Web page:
paving in stages to get it done right

October 9th, 2015

paving in stages to get it done right

As much as it has a huge impact on our day-to-day quality of life, it’s probably safe to say that roadway design is not very top-of-mind for most of us.  This is probably true, even for the part of the road that we all directly interact with every time we get in a vehicle: the asphalt paving that covers the surface.

Yet for anyone impatient for the last stages to be finished along the newly widened Davis Drive in Newmarket, it’s helpful to understand the paving process overall, and why this final stage of each rapidway project seems to take such a long time to complete.

Most roads in Canada are paved with the familiar black asphalt, which is a mix of a binding ingredient and gravel.  Asphalt is popular because it’s relatively inexpensive to install compared to concrete, wears well, and can be restored many times before the road needs to be completely rebuilt.  Given the cost and disruption involved with repairing or rebuilding a road, it’s critically important that you get the asphalt “mix” right, and put the asphalt down properly in the first place.

The first fact to understand is that not all asphalt paving is the same.  The wear and tear on a road will depend on the volume of traffic it gets, including how many vehicles are trucks or cars, and how fast they’re going.  Whether the traffic is generally driving straight, or is turning, or stopping and starting as is the case at a busy intersection, will affect the wear.  So asphalt mixes vary, depending on how durable it needs to be to stand up to the traffic it will carry. Different mixes have different installation requirements, including how long they take to cure before they can take heavy traffic.

The other important consideration with asphalt is that proper installation makes all the difference to how well it will wear.  There are a number of steps that have to be taken to ensure the durability of the asphalt, in addition to getting the mix right:

  • First, the gravel base that the top layers go over has to be in excellent condition. It needs to be perfectly smooth, level and compact, or else the top asphalt can crack and pothole more quickly.
  • The air temperature needs to be within a certain range: too hot or too cold, and the asphalt won’t last as long.
  • It needs to be installed in wide swathes extending across lanes, to avoid having too many joints.
  • It needs to be carefully tied in at side streets, to make sure the entire roadway is smooth and level.
  • The asphalt at intersections, which get extra heavy wear from vehicles braking, accelerating and turning, needs to be especially carefully installed.

The distinctive red asphalt on our vivaNext rapidways and intersections has its own requirements, and has to be laid down last, in a single layer, once the blacktop is completely set.

Working out a construction schedule that allows us to meet all these requirements before the weather gets too cold, requires that access to the roadway is completely restricted for short periods, within small segments.  Our team is working closely with the community to minimize the disruption as much as possible, although we know this stage is going to be challenging for everyone.

Getting the final stages done right has a direct impact on the long term performance of the road and the new rapid transit system.  As much as we want to be finished as soon as possible, speeding up the process simply is not an option. By building to the highest standards now, we’ll have a high quality road that will perform well for years to come.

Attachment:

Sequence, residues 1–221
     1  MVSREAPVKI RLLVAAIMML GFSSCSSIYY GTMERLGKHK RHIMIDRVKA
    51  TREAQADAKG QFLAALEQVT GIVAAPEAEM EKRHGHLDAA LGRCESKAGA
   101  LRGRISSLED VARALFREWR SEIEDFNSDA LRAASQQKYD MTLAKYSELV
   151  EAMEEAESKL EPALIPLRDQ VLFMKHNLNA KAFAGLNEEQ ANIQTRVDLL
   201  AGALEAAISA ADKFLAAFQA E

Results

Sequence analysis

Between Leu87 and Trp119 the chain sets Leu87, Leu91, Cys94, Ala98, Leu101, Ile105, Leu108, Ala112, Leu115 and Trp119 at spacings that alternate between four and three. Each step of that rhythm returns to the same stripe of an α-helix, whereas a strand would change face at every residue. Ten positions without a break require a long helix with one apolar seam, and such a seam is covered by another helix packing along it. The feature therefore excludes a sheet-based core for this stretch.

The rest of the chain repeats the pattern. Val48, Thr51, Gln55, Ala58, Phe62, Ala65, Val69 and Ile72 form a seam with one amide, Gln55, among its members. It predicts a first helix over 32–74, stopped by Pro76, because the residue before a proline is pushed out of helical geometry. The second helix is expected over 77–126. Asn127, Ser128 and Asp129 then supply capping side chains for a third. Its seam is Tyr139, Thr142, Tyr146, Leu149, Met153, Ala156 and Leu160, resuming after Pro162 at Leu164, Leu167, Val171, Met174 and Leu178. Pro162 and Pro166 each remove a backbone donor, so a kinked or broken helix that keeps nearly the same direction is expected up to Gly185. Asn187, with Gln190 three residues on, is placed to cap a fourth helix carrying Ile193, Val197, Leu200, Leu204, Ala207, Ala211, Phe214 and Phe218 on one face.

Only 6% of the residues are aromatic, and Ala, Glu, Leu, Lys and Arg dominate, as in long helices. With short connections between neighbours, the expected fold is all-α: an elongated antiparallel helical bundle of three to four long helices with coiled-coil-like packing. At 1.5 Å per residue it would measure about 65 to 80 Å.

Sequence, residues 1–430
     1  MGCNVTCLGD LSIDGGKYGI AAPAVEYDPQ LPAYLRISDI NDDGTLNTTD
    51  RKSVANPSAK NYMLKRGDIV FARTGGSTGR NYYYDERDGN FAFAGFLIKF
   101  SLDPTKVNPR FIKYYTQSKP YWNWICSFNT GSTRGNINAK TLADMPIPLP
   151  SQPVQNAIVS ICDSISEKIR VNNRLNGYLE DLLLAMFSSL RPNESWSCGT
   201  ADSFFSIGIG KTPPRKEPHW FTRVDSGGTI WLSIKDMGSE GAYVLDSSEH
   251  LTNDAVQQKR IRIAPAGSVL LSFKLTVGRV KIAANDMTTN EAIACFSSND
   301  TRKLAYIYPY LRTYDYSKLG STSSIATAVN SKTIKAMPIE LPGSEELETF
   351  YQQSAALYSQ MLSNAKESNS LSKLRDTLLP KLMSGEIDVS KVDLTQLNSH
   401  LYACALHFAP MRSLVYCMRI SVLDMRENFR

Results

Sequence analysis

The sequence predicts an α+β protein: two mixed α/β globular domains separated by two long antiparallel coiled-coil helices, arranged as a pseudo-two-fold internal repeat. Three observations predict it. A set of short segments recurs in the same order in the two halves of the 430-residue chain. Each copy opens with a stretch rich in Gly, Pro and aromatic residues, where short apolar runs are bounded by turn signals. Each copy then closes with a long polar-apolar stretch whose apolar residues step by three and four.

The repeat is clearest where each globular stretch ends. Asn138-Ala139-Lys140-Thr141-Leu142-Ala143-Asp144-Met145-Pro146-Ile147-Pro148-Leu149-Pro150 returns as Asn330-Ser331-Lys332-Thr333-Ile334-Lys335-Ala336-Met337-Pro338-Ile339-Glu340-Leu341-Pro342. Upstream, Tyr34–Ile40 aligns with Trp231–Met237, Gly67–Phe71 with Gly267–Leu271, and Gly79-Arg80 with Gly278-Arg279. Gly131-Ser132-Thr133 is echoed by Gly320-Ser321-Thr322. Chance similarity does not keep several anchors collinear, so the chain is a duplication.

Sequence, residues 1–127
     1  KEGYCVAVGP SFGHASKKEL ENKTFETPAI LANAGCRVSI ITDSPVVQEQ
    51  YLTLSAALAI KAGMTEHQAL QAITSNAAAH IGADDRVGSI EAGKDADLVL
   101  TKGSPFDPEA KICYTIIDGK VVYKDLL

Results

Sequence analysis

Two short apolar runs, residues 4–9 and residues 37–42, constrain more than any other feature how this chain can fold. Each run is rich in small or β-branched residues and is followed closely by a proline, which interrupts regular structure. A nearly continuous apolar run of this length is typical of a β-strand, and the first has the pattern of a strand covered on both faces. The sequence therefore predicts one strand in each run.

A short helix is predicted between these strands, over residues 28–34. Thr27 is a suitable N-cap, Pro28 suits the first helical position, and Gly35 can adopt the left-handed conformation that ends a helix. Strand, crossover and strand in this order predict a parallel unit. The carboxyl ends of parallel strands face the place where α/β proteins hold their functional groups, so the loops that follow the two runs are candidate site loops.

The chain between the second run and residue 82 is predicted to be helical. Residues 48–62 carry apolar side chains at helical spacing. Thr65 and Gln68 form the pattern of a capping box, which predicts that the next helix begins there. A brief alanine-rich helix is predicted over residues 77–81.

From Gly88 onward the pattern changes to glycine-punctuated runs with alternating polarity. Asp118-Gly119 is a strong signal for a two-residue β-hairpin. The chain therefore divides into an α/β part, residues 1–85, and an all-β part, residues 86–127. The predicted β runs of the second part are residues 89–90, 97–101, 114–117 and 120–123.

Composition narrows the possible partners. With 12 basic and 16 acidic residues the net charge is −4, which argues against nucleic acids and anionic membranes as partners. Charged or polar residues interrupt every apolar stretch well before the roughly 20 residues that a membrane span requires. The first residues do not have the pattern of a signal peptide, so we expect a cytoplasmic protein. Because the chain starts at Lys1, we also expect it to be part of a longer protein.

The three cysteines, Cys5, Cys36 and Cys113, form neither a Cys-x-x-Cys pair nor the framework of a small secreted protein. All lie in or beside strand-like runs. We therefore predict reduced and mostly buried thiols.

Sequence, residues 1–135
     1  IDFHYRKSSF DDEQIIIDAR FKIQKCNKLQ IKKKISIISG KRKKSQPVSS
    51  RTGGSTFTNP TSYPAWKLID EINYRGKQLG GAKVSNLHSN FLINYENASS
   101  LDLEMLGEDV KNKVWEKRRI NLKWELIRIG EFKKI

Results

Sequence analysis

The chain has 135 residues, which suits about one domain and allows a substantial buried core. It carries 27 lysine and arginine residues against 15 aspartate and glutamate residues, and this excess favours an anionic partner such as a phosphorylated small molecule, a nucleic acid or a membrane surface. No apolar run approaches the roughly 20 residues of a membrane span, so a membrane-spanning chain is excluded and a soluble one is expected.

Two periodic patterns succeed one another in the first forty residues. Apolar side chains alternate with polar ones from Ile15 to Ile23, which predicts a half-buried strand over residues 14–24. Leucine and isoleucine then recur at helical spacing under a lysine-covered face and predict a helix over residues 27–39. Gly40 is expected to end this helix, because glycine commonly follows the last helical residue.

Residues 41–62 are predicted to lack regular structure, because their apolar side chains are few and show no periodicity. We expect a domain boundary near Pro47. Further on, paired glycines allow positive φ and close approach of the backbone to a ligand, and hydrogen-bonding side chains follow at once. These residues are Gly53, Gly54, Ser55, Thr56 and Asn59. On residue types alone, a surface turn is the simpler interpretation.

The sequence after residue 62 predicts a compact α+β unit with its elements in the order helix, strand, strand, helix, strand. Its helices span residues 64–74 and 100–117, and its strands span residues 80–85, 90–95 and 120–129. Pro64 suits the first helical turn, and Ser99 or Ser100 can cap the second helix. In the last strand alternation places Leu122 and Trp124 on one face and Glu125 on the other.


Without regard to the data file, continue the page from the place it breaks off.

final paving on Davis Drive is underway!

October 6th, 2015

final paving on Davis Drive is underway!

Final paving is here! This week you’ll start to see the distinctive red asphalt on the rapidway and intersections along the Davis Drive corridor in Newmarket. It’s exciting because final paving means that underground utilities and infrastructure work is complete, the road has been widened to accommodate the centre lane rapidway and the medians and curbs are in place. All these elements help define a new urban destination for Newmarket. This is a significant milestone in the transformation of Davis Drive.

If you travel along Davis on a regular basis, you’re already aware of the fundamental changes that have been made to the way people drive, walk and ride on the corridor. New intersections allow for protected left-turns and u-turns, and feature optional two-stage pedestrian crossings, and accessibility features like audible chirps to aid people who are visually impaired. For the eco-conscious, the greenery planned for Davis Drive and the connections to paths like the Tom Taylor Trail will make the sidewalks and boulevards inviting spaces for all.

It’s not just Davis that’s getting a shiny new coat, the side streets that connect to Davis will be paved at the intersections so that they tie-in nicely with the new road.

Even after years of planning, design and construction, the rapidway just feels more tangible and real when we apply our distinct red asphalt to the road. There’s something special about knowing that you’re contributing to the future growth and prosperity of entire neighbourhoods, towns and regions by connecting people to the places they work, shop and play.

We are already seeing the benefits of improved traffic flow and travel times along Highway 7 in Richmond Hill and Markham, and the YRT/Viva network continues to grow.

To get there is a messy process, there’s no doubt. But we are asking you to hang in there with us over the next month or so, and we hope that you’ll share our enthusiasm for the finished product.


one with nature

October 2nd, 2015

see video: one with nature

As York Region transforms our key development areas from suburban locations to more urban one it’s important that we create attractive and welcoming public spaces. This means designing buildings with aesthetics in mind, considering the accessibility of civic spaces, public transit and incorporating the natural environment into the urban landscape.

It’s important to create urban settings that integrate natural elements for a number of reasons. It beautifies public spaces, and also provides health and economic benefits to the community. One way to ensure that York Region’s urban centres are one with nature is to invest in green infrastructure. This includes trees, shrubs, grasses, and other plants that will become a part of our urban forest.